8. The system of claim 1 wherein said launch tube is secured with a fence line.
9. A rocket launching system, comprising:
a counterweighted platform to launch a rocket, wherein said counterweighted platform accelerates said rocket to be released into a thinner atmosphere of approximately 20,000 ft;
a launch tube to allow said counterweighted platform to lift said rocket, wherein said rocket comprises Atlas, Delta, Ariane, Zenit, Proton, Progress, Long March, and H1 launch vehicles;
a plurality of counterweights connected to said counterweighted platform with a high strength wire rope which routes over a pulley at a top of said launch tube;
a plurality of counterweight tubes to allow said counterweight to gravitationally fall;
a membrane to create a near vacuum in order for a low pressure to allow said rocket to free ascent without a terminal velocity caused by an aerodynamic drag;
a delivery mechanism for transporting said rocket to said counterweighted platform, said delivery mechanism comprising an access tunnel horizontally displaced at a bottom of said launch tube; and
a ramjet that is employable until insufficient oxygen is available to support a combustion at which point an onboard propellant is usable to complete an ascent into space.
10. The system of claim 9 wherein said system is located inside a mountain or a free-standing facility near the equator for equatorial plane destinations.
11. The system of claim 9 wherein said launch tube is secured with a fence line.
12. A rocket launching method, comprising:
providing a counterweighted platform to launch a rocket;
providing a launch tube to allow said counterweighted platform to lift said rocket;
providing a plurality of counterweights connected to said counterweighted platform with a high strength wire rope, which routes over a pulley at a top of said launch tube;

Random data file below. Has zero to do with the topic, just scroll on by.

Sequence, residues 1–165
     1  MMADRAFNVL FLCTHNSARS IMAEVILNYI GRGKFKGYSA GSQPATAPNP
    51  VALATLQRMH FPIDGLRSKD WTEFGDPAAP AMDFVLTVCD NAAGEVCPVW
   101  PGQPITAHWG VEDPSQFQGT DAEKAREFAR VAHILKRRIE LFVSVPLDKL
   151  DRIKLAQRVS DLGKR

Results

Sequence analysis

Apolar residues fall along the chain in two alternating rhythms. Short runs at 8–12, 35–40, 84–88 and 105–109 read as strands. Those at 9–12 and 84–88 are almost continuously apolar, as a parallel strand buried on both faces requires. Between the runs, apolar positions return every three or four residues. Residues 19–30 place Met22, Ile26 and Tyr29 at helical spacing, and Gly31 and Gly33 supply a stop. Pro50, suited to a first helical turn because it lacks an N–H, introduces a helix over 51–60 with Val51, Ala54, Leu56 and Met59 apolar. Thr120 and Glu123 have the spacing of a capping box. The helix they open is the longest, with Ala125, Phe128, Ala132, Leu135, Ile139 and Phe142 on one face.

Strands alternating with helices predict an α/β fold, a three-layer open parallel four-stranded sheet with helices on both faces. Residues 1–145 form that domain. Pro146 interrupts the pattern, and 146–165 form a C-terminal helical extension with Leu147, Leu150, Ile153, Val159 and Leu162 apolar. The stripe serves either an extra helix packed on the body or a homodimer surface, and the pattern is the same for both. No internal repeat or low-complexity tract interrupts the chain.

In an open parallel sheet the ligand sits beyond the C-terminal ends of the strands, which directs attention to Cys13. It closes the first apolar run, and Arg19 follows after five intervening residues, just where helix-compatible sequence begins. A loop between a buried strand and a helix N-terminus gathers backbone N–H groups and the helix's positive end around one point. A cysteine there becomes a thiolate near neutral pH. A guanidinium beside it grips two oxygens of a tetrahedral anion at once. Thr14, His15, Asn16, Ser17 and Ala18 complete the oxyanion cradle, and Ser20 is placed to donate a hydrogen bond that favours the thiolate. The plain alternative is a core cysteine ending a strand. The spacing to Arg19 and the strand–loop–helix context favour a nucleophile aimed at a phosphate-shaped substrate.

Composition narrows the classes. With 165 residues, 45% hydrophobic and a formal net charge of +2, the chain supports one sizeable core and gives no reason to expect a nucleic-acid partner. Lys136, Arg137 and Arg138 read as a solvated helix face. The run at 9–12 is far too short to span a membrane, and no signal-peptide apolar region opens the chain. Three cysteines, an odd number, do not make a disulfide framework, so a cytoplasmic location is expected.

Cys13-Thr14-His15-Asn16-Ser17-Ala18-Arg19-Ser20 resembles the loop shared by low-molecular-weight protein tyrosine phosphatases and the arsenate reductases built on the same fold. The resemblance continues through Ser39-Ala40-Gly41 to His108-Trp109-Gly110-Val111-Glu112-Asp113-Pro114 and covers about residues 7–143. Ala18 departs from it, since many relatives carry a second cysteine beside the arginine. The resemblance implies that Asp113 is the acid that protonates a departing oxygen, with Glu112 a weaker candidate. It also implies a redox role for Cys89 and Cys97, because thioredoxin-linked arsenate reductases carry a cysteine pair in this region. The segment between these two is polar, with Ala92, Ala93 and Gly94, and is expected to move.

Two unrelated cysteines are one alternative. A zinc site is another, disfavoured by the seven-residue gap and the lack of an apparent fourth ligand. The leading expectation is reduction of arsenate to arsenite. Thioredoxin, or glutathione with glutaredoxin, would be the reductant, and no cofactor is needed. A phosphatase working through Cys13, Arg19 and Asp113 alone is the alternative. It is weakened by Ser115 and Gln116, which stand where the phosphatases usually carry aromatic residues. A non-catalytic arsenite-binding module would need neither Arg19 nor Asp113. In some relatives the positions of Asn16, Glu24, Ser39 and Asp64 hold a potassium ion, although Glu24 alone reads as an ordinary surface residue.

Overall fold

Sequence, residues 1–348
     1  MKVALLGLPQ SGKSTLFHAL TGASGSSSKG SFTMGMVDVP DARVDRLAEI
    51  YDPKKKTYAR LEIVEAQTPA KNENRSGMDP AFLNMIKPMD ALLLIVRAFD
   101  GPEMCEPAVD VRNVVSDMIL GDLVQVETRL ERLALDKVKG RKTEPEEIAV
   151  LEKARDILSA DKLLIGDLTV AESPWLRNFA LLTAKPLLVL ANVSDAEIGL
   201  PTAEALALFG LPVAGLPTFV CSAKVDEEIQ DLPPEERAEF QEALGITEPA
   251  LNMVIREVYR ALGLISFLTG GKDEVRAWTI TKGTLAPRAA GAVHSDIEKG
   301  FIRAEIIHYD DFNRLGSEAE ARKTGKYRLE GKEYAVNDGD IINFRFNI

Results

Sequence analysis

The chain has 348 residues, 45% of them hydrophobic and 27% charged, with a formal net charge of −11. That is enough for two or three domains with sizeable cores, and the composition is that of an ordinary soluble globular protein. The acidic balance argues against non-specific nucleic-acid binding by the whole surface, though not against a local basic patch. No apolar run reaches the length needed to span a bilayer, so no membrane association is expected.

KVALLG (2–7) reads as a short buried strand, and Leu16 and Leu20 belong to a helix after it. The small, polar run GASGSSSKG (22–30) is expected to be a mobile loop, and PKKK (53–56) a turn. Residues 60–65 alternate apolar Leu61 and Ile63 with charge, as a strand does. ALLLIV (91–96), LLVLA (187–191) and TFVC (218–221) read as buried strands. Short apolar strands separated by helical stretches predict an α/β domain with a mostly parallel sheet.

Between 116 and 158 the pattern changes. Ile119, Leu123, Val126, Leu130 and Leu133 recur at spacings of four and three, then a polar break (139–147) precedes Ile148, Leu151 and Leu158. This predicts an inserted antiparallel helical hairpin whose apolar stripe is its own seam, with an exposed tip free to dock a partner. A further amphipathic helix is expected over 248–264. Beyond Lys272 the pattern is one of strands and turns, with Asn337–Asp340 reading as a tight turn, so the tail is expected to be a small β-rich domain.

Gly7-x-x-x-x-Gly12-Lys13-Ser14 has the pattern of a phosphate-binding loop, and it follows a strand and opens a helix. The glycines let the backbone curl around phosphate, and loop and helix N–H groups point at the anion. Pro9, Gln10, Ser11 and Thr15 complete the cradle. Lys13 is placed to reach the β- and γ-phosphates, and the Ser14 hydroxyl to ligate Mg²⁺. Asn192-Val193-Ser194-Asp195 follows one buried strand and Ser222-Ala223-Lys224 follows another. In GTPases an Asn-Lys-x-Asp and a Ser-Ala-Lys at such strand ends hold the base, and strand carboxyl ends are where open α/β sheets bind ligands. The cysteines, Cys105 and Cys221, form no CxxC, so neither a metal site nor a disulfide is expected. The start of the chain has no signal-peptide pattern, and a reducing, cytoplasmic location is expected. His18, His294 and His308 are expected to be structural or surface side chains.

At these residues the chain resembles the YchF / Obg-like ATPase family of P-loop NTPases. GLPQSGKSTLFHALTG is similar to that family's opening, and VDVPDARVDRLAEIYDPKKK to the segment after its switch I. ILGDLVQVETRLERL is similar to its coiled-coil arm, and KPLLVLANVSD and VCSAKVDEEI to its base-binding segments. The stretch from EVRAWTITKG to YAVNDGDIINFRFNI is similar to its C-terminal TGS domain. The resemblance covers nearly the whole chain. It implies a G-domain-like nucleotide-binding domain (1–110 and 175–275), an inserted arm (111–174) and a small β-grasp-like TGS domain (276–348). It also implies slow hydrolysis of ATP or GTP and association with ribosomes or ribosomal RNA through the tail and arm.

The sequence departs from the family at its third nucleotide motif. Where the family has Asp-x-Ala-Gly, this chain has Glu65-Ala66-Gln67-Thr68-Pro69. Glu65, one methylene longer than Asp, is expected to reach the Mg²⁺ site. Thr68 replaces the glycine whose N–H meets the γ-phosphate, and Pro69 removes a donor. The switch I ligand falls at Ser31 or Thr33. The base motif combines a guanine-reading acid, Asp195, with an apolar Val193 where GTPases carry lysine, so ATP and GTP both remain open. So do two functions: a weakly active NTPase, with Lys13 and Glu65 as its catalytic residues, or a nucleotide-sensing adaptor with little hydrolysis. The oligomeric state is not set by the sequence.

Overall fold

providing a plurality of counterweight tubes to allow said counterweight to gravitationally fall while simultaneously lifting said counterweighted platform;
sealing said launch tube with a membrane to create a near vacuum in order for a low pressure to allow said rocket to free ascent without a terminal velocity caused by an aerodynamic drag; and
providing a delivery mechanism for said rocket to said counterweighted platform in said launch tube, thereby providing a system capable of delivering a rocket into space, said system including said counterweighted platform, said plurality of counterweights, said plurality of counterweight tubes, said lunch tube and membrane in association with said delivery mechanism.
13. The method of claim 12 further comprising incorporating said system in a mountain.
14. The method of claim 12 further comprising configuring said system as a free-standing launching cylinder.
15. The method of claim 12 further comprising locating said system near the equator for equatorial plane destinations.